Are MS patients hypersensitive to pain, or is it the opposite?
They are not hypersensitive to pain, but MS is often associated with problems that produce pain. For example, their spasticity may produce aching pain and cramps in muscles. They can also experience nerve pain. The best known is trigeminal neuralgia—a knife-like, lancinating pain that occurs recurrently in the face.
Studies done by our Halifax group show that 54% of MS patients complain of pain at some time.
Are the mood symptoms—for example, depression—a consequence of the disability, or is there a direct brain effect?
For a century, people have wondered whether the mood changes that occur were related to the disease or related to the stress of having the disease.
It’s probably both. It’s clear that to deal with a frustrating, chronic disease that affects your function, would lead to depressive episodes.
But we also know that the disease itself is capable of producing emotional and cognitive changes. That may affect their mood and emotional state and also can affect their sense of concentration and their speed of new learning.
There are some very unusual but peculiar emotional states that can occur in MS, characterized by pathological laughing or pathological crying. These are very distressing to the patient, because they will laugh when they don’t find anything amusing or funny, or weep when they don’t feel sad.
Are bowel, bladder and sexual problems very common—and what is the mechanism there?
The nerves that control the bladder overlap the same part of the nervous system that controls the legs. So when people develop spasticity, they have associated bladder spasticity.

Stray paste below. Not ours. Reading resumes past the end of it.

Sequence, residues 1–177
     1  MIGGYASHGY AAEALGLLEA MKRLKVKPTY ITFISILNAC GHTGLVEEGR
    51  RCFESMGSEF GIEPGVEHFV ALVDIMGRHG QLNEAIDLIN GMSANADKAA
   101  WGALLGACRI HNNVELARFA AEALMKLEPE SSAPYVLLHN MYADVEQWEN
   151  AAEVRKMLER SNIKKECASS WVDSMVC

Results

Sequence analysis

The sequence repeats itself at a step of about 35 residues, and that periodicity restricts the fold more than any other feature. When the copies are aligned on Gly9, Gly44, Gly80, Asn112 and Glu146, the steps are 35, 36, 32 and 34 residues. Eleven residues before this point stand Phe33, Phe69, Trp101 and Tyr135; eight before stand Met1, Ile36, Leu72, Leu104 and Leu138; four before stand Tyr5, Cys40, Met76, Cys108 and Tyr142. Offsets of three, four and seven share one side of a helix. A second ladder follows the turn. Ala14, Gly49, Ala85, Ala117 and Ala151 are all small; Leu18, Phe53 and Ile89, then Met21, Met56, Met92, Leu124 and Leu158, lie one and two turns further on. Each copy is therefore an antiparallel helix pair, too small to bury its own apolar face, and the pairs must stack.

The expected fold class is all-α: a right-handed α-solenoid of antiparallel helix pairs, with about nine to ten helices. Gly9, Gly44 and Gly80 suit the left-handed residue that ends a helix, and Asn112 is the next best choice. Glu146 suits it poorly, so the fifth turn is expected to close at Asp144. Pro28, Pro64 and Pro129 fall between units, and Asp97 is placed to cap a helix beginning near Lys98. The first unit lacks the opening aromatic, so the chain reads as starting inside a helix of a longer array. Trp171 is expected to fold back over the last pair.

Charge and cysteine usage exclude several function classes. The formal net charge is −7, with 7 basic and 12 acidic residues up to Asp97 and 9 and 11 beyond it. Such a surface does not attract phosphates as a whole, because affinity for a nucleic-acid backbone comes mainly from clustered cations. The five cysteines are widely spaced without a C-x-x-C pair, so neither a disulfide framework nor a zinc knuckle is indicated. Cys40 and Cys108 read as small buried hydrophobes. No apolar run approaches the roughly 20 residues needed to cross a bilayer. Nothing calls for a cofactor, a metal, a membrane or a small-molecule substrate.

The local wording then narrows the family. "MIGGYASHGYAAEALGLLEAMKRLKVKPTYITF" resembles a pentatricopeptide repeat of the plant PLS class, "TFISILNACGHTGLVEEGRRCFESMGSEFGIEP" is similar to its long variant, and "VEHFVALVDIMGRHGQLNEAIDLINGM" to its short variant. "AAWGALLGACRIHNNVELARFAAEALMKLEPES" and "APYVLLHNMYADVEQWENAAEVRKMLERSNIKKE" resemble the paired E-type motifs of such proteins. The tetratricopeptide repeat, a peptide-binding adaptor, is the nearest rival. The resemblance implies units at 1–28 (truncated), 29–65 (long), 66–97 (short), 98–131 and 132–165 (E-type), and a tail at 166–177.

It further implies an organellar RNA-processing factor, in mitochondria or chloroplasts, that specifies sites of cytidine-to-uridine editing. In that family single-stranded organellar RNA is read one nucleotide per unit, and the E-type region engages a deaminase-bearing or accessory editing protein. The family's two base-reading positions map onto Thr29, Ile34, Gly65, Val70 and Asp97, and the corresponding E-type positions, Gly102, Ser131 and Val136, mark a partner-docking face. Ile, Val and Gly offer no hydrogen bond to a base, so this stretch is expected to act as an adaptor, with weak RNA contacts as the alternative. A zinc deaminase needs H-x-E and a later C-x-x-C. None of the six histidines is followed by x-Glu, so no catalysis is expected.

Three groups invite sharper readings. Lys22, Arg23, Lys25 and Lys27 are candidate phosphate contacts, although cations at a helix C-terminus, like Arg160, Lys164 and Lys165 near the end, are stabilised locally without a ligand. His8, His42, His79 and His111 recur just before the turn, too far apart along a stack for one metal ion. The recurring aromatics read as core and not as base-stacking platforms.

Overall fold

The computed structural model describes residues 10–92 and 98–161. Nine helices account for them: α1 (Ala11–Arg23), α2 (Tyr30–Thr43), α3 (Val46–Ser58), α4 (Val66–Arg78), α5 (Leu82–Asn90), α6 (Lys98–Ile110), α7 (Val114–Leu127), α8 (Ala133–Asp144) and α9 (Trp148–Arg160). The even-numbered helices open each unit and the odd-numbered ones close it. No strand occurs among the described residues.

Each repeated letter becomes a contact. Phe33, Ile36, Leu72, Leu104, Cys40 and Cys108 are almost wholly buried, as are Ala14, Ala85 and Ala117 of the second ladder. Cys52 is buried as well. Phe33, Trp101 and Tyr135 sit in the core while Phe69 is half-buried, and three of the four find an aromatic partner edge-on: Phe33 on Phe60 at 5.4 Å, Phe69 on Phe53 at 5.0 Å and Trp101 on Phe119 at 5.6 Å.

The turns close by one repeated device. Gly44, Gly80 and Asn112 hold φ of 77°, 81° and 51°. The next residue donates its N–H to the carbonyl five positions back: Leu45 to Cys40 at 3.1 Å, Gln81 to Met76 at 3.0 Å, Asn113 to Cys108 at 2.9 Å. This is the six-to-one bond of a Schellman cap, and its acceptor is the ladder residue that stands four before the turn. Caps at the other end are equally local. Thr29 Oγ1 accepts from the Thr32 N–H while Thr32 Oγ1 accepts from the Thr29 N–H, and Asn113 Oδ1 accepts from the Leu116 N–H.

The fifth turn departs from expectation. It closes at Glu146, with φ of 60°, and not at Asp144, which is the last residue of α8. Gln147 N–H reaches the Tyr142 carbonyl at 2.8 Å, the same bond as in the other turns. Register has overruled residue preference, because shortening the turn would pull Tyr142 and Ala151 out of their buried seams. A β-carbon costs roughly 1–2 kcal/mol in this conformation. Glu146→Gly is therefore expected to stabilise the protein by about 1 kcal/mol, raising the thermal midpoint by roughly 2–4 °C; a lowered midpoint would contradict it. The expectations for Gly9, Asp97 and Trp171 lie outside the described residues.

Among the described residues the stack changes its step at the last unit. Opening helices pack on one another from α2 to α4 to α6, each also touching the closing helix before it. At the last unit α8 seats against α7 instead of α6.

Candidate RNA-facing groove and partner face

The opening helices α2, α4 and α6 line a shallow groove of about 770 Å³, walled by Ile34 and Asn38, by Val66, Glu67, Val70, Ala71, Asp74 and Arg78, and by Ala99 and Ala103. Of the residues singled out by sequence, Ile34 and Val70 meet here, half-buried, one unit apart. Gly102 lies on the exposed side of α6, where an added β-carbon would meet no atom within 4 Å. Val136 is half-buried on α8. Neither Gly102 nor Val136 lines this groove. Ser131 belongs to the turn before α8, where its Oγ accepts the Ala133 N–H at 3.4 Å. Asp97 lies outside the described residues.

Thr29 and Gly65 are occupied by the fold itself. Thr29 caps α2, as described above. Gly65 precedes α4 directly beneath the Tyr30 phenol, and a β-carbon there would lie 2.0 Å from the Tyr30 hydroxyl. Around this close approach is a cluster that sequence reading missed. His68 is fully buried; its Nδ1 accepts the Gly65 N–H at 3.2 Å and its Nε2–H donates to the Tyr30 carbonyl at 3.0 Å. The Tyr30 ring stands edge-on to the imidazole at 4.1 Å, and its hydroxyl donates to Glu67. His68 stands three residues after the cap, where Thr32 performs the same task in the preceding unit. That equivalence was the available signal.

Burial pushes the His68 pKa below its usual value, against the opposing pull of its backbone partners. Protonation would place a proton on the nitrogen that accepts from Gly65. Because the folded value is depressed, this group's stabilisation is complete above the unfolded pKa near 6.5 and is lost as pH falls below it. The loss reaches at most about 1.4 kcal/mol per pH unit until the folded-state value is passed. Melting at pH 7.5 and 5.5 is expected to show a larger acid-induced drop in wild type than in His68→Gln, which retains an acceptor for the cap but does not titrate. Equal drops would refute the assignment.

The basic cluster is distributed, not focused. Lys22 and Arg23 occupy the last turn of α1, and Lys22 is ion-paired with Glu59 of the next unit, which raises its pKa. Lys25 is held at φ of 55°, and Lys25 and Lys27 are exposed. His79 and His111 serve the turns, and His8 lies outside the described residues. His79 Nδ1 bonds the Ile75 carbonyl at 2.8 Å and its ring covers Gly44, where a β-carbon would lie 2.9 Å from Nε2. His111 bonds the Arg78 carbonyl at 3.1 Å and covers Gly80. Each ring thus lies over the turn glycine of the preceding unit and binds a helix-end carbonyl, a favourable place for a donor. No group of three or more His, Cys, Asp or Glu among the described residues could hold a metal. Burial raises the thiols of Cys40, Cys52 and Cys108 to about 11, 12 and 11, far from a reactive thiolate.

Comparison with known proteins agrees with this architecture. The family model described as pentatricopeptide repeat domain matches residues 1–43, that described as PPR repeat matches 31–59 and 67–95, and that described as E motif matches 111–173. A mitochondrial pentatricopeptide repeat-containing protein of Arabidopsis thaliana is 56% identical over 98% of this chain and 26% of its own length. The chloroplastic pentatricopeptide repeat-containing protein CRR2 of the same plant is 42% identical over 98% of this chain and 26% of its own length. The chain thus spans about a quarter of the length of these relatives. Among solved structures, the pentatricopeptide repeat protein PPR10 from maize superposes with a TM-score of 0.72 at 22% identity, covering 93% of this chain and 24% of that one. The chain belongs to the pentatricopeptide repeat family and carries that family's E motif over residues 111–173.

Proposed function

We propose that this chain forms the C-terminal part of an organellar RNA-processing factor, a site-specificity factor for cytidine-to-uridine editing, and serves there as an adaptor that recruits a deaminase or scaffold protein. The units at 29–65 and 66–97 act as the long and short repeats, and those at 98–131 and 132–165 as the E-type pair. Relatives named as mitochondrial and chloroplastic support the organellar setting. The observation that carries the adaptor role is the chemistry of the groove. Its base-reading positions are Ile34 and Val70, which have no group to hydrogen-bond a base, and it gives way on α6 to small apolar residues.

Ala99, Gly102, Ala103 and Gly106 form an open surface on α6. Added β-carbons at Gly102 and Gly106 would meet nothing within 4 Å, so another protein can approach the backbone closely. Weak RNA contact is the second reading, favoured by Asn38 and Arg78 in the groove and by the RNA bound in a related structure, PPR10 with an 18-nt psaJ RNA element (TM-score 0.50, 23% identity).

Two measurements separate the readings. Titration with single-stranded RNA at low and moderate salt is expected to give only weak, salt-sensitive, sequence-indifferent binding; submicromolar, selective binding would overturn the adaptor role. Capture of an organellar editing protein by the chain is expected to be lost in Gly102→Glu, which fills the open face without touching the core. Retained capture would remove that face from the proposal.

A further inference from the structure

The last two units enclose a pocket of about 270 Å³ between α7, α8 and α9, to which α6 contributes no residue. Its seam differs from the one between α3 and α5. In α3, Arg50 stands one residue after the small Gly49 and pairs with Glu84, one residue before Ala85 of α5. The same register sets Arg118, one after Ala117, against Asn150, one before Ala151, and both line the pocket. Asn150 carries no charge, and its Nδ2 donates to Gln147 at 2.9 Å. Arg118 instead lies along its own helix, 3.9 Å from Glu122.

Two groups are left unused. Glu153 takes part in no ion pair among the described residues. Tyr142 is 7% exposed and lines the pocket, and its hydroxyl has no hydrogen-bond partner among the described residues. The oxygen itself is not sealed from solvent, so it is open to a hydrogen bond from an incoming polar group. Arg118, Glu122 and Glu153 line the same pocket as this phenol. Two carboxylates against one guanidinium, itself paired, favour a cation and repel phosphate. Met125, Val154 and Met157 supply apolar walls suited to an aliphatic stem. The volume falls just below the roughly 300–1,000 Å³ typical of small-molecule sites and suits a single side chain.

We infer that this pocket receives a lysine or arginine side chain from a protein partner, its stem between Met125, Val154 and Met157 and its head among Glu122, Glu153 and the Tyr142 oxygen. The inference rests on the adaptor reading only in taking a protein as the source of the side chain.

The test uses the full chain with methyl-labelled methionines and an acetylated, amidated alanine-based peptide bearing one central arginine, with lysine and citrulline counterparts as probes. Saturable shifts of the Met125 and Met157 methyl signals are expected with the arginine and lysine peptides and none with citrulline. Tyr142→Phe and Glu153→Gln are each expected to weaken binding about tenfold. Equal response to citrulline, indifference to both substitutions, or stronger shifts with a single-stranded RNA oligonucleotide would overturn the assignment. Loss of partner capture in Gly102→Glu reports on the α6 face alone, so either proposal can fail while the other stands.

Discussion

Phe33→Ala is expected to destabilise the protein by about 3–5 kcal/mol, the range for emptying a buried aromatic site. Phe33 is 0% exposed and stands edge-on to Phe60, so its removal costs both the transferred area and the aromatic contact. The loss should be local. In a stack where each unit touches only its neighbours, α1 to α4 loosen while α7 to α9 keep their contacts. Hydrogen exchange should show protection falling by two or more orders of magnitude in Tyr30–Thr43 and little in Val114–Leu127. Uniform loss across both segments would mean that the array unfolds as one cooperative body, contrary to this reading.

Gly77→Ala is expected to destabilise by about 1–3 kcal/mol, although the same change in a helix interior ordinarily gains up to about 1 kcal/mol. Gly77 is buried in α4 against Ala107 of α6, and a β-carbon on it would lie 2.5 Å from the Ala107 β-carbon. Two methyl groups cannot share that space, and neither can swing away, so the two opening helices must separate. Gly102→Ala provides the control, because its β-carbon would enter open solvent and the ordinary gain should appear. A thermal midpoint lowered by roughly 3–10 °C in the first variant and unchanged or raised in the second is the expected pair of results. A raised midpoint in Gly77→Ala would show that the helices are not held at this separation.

This is quite distressing as it limits their social function. This can, however, be controlled by relatively simple medications and advice. But bladder frequency, urgency and incontinence are not uncommon.
Bowel control problems are less common. Impotence is a problem that is distressing to many of the males with MS, but there are new therapies.
What is the prevalence of MS in North America, and can family physicians expect to see MS patients in their practices?
The average family practitioner may have three cases of MS in their practice, based on the figure of one case in 500 people. But it’s becoming clear from studies that the figure is undoubtedly much higher than that, perhaps even one in 300.
If a family physician suspects MS in a patient, and refers him to a neurologist, what is the usual diagnostic procedure?
The most important step when a patient is suspected of having MS is to have a careful history and physical examination. Despite the fact that MS is said to be a difficult diagnosis to make, in most instances, the history and physical examination makes it clear.
To be definitive, MRI has been the most important diagnostic advance. There are also spinal fluid tests that can be done, as well as nerve conduction-rate studies. The most important of these is the visual evoked potential rate study, to look at the rate of conduction of the optic nerve.
Why does the course of MS seem to have exacerbations and remissions, and how is it someone can be in a wheelchair one year, and walking the next year?